More than two-thirds of Horry County residents have immunity to COVID-19, gaining antibodies either through vaccination or contracting the disease itself, according to new estimates from the Medical University of South Carolina (MUSC).
Around 69% of Horry County residents are immune to the coronavirus, MUSC data says. Vaccinated people make up 44.5% of the county’s population, while another 24.8% have “natural immunity,” meaning they have gotten COVID-19 and have built up antibodies through infection. Horry ranks fifth in the state for its percentage of residents with immunity.
The numbers are promising, according to Dr. Gerald Harmon, vice president of medical affairs at Tidelands Health.
But, he said, there are a few things to keep in mind when analyzing that number. For example, people who have natural immunity shouldn’t write off the possibility of getting vaccinated, he said, even though they have antibodies.
“Don’t forego vaccination just because you said, ‘hey, I had COVID last year,’” he said.
Across South Carolina, 65% of residents have COVID-19 immunity, MUSC data says, with around 37% vaccinated and around 28% having natural immunity.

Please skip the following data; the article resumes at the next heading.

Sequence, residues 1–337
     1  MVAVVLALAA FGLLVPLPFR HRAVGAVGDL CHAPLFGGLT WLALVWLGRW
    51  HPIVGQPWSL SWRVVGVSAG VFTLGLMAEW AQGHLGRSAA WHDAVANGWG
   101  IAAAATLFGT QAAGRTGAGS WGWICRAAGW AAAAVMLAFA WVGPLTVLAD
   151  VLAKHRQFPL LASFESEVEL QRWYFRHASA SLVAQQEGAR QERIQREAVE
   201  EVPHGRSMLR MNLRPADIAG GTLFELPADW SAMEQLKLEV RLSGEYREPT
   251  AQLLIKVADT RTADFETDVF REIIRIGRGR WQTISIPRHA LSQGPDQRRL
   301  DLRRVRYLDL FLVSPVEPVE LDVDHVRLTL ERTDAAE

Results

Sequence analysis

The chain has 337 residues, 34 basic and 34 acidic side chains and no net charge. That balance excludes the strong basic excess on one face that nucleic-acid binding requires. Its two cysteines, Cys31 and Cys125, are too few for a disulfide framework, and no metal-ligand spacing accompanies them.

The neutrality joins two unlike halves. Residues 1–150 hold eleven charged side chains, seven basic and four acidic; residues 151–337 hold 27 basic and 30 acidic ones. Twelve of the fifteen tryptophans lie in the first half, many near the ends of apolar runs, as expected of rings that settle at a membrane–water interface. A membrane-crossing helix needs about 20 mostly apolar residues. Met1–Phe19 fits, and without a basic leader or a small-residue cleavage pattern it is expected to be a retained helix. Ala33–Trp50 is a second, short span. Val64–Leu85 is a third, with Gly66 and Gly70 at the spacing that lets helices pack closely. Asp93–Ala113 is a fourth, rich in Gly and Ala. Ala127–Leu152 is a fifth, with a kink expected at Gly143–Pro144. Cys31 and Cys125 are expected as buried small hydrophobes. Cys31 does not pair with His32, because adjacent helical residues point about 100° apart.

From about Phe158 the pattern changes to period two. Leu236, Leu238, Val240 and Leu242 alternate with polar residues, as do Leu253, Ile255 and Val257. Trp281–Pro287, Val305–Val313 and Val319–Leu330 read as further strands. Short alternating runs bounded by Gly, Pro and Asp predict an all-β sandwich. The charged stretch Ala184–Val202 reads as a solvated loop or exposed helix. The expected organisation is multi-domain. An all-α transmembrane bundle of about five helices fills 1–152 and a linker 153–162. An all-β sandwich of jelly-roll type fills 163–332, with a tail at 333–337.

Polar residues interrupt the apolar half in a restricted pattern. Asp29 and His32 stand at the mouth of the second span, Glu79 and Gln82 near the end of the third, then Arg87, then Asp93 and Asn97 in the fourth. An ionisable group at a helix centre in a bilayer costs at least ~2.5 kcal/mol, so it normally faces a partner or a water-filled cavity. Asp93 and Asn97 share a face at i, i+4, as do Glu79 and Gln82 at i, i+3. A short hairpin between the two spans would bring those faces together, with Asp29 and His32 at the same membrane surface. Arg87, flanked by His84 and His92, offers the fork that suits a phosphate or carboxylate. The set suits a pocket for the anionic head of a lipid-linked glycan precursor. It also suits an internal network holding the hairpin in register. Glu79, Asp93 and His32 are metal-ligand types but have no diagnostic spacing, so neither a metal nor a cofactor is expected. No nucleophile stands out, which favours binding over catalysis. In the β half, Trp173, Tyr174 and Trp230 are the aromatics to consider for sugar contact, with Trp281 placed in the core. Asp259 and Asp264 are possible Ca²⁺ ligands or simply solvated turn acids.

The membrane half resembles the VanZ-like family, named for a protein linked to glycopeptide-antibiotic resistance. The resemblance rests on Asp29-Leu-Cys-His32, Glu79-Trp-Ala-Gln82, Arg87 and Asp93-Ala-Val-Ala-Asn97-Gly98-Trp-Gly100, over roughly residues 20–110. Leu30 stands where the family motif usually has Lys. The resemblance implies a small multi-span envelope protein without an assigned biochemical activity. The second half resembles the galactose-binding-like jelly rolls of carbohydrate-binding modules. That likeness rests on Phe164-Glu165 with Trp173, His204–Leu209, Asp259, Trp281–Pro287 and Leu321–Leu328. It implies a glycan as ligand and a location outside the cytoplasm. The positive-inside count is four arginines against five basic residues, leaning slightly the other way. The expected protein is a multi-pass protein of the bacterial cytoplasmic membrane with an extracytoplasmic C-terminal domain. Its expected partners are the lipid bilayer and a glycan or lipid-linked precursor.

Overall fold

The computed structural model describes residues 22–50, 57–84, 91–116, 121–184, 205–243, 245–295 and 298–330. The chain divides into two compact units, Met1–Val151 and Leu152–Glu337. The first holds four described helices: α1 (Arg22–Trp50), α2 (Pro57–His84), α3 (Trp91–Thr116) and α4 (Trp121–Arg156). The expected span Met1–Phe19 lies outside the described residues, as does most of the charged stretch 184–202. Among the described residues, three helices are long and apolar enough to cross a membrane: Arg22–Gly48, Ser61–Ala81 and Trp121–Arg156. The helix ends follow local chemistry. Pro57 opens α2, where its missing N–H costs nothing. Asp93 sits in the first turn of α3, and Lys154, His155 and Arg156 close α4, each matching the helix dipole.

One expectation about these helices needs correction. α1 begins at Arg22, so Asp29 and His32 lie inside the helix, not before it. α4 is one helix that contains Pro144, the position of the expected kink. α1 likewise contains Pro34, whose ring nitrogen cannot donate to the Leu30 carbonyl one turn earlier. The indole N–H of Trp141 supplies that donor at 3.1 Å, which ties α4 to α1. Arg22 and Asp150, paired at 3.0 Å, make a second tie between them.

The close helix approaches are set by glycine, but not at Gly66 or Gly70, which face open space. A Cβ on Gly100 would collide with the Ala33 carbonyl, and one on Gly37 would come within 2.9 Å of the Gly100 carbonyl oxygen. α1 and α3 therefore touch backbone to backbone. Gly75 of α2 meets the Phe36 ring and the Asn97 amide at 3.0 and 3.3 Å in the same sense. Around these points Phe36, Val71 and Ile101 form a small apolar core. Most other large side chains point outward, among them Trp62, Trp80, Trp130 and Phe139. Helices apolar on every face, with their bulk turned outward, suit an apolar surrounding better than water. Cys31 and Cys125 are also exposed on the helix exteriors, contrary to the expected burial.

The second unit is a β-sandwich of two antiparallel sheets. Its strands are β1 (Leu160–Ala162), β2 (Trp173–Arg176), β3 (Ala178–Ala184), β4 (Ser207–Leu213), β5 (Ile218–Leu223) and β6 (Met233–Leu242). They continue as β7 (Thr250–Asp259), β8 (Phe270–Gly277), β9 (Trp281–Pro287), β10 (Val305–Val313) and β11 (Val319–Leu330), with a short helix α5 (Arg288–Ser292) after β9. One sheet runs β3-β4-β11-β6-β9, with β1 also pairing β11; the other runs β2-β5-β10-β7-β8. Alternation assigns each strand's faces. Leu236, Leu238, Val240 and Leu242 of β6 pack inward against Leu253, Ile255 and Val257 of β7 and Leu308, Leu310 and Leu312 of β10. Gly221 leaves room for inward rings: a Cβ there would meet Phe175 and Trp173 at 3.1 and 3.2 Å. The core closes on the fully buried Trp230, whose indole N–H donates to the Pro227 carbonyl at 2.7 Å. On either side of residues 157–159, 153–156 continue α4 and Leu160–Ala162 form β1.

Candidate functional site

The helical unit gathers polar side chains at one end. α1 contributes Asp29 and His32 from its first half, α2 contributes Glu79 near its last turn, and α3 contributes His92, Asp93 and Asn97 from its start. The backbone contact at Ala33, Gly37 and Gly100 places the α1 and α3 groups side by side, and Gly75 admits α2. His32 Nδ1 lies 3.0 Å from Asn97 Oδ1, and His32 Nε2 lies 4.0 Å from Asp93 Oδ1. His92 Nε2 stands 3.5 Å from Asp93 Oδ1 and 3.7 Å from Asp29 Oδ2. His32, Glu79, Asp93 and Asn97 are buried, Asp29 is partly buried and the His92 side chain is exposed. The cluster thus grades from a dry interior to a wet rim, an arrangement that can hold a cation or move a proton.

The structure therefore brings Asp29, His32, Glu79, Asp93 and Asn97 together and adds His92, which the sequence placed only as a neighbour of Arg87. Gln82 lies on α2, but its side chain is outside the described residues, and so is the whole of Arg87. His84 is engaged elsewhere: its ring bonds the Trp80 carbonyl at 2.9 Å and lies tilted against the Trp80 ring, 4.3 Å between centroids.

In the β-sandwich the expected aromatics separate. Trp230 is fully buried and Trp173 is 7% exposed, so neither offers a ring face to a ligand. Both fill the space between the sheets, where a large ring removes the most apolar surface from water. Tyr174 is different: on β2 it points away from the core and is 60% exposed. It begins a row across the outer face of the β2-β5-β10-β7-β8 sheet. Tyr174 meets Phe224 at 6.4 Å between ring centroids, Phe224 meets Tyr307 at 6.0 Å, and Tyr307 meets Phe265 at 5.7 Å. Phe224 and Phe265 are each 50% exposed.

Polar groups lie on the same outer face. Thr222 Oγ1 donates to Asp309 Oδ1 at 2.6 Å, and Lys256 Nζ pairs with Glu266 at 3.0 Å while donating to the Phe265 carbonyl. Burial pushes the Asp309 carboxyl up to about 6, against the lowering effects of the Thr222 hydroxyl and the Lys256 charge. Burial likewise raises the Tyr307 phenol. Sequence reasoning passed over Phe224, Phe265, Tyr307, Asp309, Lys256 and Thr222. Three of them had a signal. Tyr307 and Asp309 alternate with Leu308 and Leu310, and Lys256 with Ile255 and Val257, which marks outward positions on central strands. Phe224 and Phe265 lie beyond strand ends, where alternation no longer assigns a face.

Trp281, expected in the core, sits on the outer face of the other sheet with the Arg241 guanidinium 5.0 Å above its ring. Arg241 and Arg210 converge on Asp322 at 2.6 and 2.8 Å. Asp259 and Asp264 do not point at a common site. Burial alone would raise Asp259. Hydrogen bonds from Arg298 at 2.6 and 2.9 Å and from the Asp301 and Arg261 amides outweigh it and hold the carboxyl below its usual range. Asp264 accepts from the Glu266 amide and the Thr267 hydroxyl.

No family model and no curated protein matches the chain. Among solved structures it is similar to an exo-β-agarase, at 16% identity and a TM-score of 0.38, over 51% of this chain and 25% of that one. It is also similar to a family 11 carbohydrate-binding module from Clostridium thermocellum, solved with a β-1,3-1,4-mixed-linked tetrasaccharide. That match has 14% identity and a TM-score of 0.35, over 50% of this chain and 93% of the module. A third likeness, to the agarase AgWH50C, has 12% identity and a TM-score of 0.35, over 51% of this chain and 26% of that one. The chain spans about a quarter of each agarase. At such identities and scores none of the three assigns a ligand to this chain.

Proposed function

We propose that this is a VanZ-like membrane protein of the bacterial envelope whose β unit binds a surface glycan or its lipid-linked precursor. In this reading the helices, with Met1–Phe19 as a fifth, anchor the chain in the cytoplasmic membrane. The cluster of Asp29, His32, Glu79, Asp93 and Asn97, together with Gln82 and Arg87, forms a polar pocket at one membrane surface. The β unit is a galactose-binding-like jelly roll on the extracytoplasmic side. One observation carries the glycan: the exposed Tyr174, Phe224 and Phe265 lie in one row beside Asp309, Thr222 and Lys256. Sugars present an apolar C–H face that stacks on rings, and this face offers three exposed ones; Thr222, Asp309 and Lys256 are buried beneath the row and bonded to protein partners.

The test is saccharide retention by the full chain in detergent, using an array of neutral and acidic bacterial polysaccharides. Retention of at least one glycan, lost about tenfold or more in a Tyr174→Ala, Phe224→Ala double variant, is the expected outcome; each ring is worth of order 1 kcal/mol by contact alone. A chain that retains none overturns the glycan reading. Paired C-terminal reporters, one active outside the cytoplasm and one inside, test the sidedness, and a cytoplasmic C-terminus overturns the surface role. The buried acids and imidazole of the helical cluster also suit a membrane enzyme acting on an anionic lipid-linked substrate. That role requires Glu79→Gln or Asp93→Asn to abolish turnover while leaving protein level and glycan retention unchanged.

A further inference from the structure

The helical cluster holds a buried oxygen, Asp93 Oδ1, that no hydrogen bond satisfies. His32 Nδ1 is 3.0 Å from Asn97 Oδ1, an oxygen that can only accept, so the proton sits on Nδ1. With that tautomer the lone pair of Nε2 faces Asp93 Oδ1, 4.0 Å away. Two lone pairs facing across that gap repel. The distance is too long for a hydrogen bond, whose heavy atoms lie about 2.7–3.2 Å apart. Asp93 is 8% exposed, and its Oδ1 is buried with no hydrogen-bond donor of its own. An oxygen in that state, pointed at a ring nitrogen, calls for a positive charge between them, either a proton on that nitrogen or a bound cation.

Nearly three-quarters of Georgetown County residents have COVID-19 immunity, behind only McCormick County at 80%, according to MUSC.
Vaccination rates in Horry and Georgetown counties are both in the top five, with Georgetown second in the state and Horry ranking fourth, according to the S.C. Department of Health and Environmental Control. Harmon said the Grand Strand’s older population could help explain the vaccination rates in these two counties, since people 65 and older were among the first eligible for the vaccine.
The percentage of immunized people needed to reach herd immunity and minimize the virus’ spread varies by disease, according to the Centers for Disease Control and Prevention. But Harmon said 80% immunization is a figure to look toward, just 11 percentage points from where Horry County was this week.
“That would be a pretty good goal if we can get 80% of the community immunized,” he said. “That’s a pretty substantial target by anybody’s measure.”
Even with “impressive” immunization numbers, Harmon said the goal is still to get more people in the area vaccinated.
“My job as a healthcare physician, I’ve got to get out there and I’ve got to distribute accurate, reliable, trusted data,” he said. “I need to convince them that this is a safe, appropriate, well-studied vaccine for all of us to receive.”
The vaccine brand Pfizer has asked the U.S. Food and Drug Administration for emergency approval to use the vaccine on children 12-16, which would push the area closer to the ideal 80% immunization rate, Harmon said.
To find a COVID-19 vaccine site near you, visit https://vaxlocator.dhec.sc.gov/ or call 1-866-365-8110.